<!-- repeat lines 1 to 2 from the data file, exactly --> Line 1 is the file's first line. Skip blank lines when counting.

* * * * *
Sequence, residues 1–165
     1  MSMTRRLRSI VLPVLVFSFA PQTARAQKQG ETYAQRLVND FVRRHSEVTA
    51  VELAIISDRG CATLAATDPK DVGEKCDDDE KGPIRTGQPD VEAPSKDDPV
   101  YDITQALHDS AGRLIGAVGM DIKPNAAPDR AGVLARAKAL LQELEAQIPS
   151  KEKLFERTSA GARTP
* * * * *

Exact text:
Sequence, residues 1–165
     1  MSMTRRLRSI VLPVLVFSFA PQTARAQKQG ETYAQRLVND FVRRHSEVTA